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Educational Research : Lunda / Christian Spring 2017: Home

Library resources for researching and writing a literature review in education

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Welcome Educational Researchers: Gathering your articles

Reviews of the literature are also referred to as secondary research

 

This activity is a process

 

As you explore the education databases, you are gaining clues on what is known about your research topic, and what search terms work best for your area of interest.

 

Keep in mind that even "unsuccessful" searches are valuable - they inform your future searches. 

 

As you conduct your database searches, you begin to narrow down and define the criteria for what is to be included (and what is not to be included) in your review. 

 

Through your research, your searches, you begin to become an authority as you become familiar with the articles you find on your topic.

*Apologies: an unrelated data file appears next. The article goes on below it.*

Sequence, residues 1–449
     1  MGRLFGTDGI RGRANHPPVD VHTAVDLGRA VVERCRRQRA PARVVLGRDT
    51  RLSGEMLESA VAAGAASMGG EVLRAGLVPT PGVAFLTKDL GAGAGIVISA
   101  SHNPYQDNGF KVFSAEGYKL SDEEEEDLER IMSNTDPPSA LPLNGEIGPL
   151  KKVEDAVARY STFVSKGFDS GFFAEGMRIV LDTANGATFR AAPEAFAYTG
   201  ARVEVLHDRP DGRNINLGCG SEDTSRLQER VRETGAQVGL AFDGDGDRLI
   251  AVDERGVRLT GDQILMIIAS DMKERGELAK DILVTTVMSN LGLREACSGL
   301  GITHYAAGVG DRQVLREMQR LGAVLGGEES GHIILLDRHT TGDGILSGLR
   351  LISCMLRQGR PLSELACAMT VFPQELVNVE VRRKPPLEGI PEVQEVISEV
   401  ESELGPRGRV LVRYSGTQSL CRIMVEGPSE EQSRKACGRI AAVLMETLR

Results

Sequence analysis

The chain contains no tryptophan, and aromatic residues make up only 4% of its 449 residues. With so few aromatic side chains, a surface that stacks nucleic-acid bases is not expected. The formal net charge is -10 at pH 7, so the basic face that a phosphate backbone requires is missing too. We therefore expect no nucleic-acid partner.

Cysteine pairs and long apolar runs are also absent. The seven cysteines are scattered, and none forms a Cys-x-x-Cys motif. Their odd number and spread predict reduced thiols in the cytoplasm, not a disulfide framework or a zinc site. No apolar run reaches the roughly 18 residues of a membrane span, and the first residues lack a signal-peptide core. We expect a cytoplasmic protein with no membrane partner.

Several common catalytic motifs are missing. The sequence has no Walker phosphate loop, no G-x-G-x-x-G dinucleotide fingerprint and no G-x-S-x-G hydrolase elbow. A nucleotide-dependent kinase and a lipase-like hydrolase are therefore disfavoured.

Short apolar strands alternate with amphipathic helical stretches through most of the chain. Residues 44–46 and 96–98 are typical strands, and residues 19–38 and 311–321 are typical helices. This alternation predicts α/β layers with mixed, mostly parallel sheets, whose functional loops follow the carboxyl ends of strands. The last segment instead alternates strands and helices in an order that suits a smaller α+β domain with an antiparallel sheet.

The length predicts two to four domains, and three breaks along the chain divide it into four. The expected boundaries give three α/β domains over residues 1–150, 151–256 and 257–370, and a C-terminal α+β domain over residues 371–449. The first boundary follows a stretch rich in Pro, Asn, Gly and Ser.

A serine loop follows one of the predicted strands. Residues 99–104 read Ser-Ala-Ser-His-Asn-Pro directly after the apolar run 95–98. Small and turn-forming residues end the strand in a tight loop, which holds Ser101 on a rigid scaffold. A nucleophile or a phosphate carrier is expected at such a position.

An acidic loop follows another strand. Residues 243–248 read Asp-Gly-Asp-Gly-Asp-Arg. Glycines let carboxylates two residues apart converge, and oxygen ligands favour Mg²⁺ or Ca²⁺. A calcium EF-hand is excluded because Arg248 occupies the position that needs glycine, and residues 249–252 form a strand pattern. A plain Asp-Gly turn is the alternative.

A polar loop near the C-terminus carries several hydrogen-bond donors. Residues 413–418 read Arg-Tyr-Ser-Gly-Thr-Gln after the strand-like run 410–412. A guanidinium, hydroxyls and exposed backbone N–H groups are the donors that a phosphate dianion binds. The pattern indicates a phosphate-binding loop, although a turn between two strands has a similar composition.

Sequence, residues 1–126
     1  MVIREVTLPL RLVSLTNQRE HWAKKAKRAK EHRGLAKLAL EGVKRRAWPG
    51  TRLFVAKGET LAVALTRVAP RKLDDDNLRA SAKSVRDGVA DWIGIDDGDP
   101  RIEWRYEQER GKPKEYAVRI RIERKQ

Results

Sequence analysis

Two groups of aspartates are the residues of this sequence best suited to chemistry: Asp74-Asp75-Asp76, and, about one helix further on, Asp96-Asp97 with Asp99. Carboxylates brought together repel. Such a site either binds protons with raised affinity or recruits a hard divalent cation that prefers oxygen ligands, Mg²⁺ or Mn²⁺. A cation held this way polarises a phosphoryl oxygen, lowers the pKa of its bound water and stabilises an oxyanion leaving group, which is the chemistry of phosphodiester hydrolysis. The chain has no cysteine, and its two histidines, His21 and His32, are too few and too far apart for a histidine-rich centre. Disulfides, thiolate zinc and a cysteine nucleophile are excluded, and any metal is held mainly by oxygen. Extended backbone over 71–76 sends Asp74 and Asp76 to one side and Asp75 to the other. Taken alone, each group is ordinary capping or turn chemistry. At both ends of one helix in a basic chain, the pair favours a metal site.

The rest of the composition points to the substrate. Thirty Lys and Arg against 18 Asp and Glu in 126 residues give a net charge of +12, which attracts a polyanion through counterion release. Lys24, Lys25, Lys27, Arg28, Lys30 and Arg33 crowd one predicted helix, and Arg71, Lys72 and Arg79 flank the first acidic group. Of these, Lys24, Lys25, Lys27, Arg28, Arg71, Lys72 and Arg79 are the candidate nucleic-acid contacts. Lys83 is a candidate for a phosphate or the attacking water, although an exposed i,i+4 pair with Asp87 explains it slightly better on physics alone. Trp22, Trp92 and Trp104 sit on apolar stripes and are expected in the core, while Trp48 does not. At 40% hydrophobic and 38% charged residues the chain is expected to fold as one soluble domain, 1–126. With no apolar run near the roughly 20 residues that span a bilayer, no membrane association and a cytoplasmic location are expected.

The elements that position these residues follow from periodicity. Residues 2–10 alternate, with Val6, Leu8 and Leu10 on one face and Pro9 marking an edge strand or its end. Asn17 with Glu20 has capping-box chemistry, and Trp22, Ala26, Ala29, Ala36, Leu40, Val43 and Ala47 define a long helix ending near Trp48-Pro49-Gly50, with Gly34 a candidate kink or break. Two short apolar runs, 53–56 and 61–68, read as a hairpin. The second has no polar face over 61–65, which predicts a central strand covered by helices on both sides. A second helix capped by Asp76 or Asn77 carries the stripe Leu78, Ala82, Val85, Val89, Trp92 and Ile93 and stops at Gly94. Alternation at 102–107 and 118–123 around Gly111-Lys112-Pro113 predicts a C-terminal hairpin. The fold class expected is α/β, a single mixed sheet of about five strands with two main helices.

Through this process of getting to know the research, you can write your literature review, contextualize the research, explain to your reader (who has not done all of the secondary research you have done) the significance of what is known and how it all fits together.

 

 

Types of articles

When conducting database searches in education, there are 5 main types of articles you will come across:

1. Empirical Research studies This is an article that describes the research that the author conducted on the topic.  You will know it is an empirical study you are reading if it includes a Methods and Results section.  Most empirical studies will also refer to the paper itself as a "study" usually in the abstract.


2. Literature Reviews  Some articles are all about reviewing the work of other authors on a topic.  This type of article can be valuable for understanding the history or scholarly dialogue on an issue.

3. Theoretical Work Some articles describe a theoretical viewpoint, for example feminist theory, constructivist theory, or other and discuss a topic through the lens of the theory, citing other sources into the discussion.

4. Opinion Pieces Some articles are based on the opinion or classroom practices of the author without any supporting citations of theory or research.

5. Guides "Guides recommend specific strategies and/or explain how practitioners might implement particular curricula, programs, or models" (Duke & Ward, 2009). 

Duke, T. S., & Ward, J. D. (2009). Preparing information literate teachers: A metasynthesis. Library & Information Science Research, 31(4), 247-256.